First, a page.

Analyze heap memory

This session covers how to use the various memory debugging tools in Xcode and Instruments, and how to fix common issues like memory leaks and memory spikes.

Elevate your tab and sidebar experience in iPadOS

This session covers how to make use of the new tab view in both SwuftUI and UIKit. There’s both a new more type safe way of specifying tabs in SwiftUI, and the customization of.a Tab View can be saved in @AppStorage to make it easy to persist user changes.

What’s new in AppKit

The changes that came to AppKit are mostly exposing features that are also available in SwiftUI or UKIt, but it’s nice to see parity being maintained there. The interesting AppKit specific features are support for the various window tiling modes, and the ability to use system cursors.

What’s new in StoreKit and In-App Purchase

The focus of this was on using win back offers, and the new SwiftUI views that can render store kit content. Another item of note is that StoreKit 1 is deprecated and will be removed in a future release so there’s a strong push to update to the new framework.

What’s new in watchOS 11

Some of the most interesting changes here are that watchOS will be able to show live activities on the Smart Stack with no configuration, and lots of changes to widgets. Having widgets that can perform an action without launching your app will potentially add lots of new interactions on watchOS.

Swift Charts: Vectorized and function plots

This update allows rendering functions and vector data using Swift Charts. This makes It shows off how to combine a function plot with a standard chart to show how the data matches a distribution curve.

Work with windows in SwiftUI

This showcases how to work with windows in SwiftUI, particularly how to transition between different windows, and how to react to user behavior rejigging and moving widows.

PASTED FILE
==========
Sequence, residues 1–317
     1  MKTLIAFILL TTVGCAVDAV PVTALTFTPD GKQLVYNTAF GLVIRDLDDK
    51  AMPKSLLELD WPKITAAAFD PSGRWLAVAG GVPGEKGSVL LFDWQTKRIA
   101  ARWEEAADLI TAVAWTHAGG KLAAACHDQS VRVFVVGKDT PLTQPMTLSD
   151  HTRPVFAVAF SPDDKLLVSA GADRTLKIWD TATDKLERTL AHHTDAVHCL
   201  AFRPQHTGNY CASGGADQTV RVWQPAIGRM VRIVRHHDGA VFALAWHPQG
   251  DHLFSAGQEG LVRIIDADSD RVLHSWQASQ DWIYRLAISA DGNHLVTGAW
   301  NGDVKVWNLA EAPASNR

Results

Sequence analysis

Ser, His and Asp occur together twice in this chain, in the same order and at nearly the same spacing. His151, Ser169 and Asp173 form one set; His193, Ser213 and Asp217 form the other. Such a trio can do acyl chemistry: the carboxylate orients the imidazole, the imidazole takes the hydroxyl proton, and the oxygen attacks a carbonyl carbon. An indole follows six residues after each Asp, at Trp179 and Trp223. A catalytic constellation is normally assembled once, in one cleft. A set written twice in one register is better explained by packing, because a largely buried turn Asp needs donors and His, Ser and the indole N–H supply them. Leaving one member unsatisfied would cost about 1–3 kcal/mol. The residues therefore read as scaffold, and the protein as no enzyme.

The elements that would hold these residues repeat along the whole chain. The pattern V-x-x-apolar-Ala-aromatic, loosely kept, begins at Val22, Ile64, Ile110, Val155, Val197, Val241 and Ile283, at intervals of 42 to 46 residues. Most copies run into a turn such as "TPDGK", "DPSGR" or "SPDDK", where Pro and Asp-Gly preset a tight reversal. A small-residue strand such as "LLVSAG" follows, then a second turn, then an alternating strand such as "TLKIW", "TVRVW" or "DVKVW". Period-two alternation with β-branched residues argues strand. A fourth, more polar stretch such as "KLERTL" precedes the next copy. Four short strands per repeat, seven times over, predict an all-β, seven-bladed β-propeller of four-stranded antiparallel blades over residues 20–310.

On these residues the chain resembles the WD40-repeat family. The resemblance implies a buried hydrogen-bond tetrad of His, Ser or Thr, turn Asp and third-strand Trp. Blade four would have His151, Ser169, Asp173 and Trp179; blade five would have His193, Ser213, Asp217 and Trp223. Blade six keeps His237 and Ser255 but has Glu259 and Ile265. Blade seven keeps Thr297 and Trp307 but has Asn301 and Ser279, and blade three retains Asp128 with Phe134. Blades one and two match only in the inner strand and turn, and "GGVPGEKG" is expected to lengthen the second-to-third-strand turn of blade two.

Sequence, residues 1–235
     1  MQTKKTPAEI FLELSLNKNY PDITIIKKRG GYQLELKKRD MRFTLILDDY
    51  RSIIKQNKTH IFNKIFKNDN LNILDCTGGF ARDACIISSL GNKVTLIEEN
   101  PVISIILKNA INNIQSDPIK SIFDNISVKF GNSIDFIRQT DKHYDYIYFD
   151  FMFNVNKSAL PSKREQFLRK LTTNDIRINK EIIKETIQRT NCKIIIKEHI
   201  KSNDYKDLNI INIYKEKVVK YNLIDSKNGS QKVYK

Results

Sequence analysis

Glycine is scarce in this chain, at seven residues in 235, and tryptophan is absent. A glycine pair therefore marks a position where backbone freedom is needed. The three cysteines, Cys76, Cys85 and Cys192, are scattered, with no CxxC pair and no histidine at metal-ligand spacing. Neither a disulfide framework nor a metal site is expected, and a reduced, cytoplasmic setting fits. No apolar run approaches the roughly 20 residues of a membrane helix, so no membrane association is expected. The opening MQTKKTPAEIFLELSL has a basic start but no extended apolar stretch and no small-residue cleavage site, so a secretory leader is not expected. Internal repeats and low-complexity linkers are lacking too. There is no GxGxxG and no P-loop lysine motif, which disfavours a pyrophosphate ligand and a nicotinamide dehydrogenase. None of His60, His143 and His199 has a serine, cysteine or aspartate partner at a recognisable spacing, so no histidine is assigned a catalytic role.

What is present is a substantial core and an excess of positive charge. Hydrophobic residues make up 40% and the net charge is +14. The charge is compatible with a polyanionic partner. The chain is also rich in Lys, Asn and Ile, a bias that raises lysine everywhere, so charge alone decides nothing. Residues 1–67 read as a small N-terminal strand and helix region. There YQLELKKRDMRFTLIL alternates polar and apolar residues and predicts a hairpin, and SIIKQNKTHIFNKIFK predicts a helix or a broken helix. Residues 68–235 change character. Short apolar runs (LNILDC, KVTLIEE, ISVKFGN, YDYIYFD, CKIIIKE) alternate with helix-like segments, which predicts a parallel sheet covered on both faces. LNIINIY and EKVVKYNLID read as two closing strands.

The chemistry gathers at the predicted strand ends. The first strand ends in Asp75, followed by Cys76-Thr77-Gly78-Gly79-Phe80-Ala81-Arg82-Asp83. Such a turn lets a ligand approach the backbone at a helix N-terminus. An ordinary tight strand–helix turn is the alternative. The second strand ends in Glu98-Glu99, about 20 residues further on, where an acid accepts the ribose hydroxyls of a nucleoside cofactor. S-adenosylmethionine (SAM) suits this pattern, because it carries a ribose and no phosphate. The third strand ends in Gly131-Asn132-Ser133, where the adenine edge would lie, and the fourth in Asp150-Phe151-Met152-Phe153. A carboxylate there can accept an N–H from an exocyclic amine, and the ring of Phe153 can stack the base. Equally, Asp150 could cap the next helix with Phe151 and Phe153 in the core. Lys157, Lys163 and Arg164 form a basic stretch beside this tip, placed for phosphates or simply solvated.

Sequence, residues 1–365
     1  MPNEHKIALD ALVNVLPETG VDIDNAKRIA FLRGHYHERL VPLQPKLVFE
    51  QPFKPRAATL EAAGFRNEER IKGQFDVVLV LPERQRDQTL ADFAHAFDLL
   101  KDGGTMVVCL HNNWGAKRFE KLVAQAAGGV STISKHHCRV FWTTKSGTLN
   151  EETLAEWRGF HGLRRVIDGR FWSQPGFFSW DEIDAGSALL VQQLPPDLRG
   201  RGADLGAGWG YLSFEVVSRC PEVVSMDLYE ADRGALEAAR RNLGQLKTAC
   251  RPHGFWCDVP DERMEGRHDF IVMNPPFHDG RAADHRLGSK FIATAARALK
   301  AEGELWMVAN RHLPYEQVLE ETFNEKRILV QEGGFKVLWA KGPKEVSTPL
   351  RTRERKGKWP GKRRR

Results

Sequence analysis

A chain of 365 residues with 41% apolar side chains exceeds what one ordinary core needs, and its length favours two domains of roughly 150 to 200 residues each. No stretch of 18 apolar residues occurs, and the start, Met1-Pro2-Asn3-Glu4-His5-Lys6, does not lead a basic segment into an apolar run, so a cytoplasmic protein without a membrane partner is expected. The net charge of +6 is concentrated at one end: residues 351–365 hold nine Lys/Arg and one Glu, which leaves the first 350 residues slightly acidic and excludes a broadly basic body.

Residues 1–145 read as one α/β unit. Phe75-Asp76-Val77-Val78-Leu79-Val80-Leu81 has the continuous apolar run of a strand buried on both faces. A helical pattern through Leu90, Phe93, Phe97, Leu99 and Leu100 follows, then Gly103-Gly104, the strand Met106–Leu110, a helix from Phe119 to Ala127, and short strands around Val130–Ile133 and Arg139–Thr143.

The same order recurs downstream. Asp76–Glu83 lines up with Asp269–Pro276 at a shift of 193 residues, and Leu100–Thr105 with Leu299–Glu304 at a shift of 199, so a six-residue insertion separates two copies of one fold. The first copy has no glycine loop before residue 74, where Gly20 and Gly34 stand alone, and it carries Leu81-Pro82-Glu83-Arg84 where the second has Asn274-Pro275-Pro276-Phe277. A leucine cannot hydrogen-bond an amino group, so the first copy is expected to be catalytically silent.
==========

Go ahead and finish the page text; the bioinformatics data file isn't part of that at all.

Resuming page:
Migrate your TVML app to SwiftUI

Apple is deprecating TVML, so this session is a walkthrough of how to reproduce may of the stock TVML elements and behaviors in SwiftUI.

Get started with Writing Tools

Integrating the new writing tools in app looks to be quite most of it is automatic and handled by the system. The session does explain how to exclude portions of text from the writing tools, for example code blocks, and how it integrates with the underlying text storage and undo manager.

Squeeze the most out of Apple Pencil

This session explains how to make custom tools for the Apple Pencil, how to work with the tool picker, and how to respond to the new gestures and rotation data sent from the new Apple Pencil.

Bring expression to your app with Genmoji

This session covers how to handle using Genmoji in your app, and especially how to support including the generated image glyphs as embedded content in an attributed string and serialization into an RTF format so than the default data store, and what it would take to implement it for your own custom data store.

Modeling Progress

This week, I spent a lot of time working on a very small kit that I picked up in Japan. I prepped the whole kit, primed all of the pieces in black, put it together, and did a zenithal prime that will help accentuate the details when the final paints go on. Finally I took it back apart and started prepping each section for painting with base colors. Primed, BlackPrimed, ZenithalDisassembled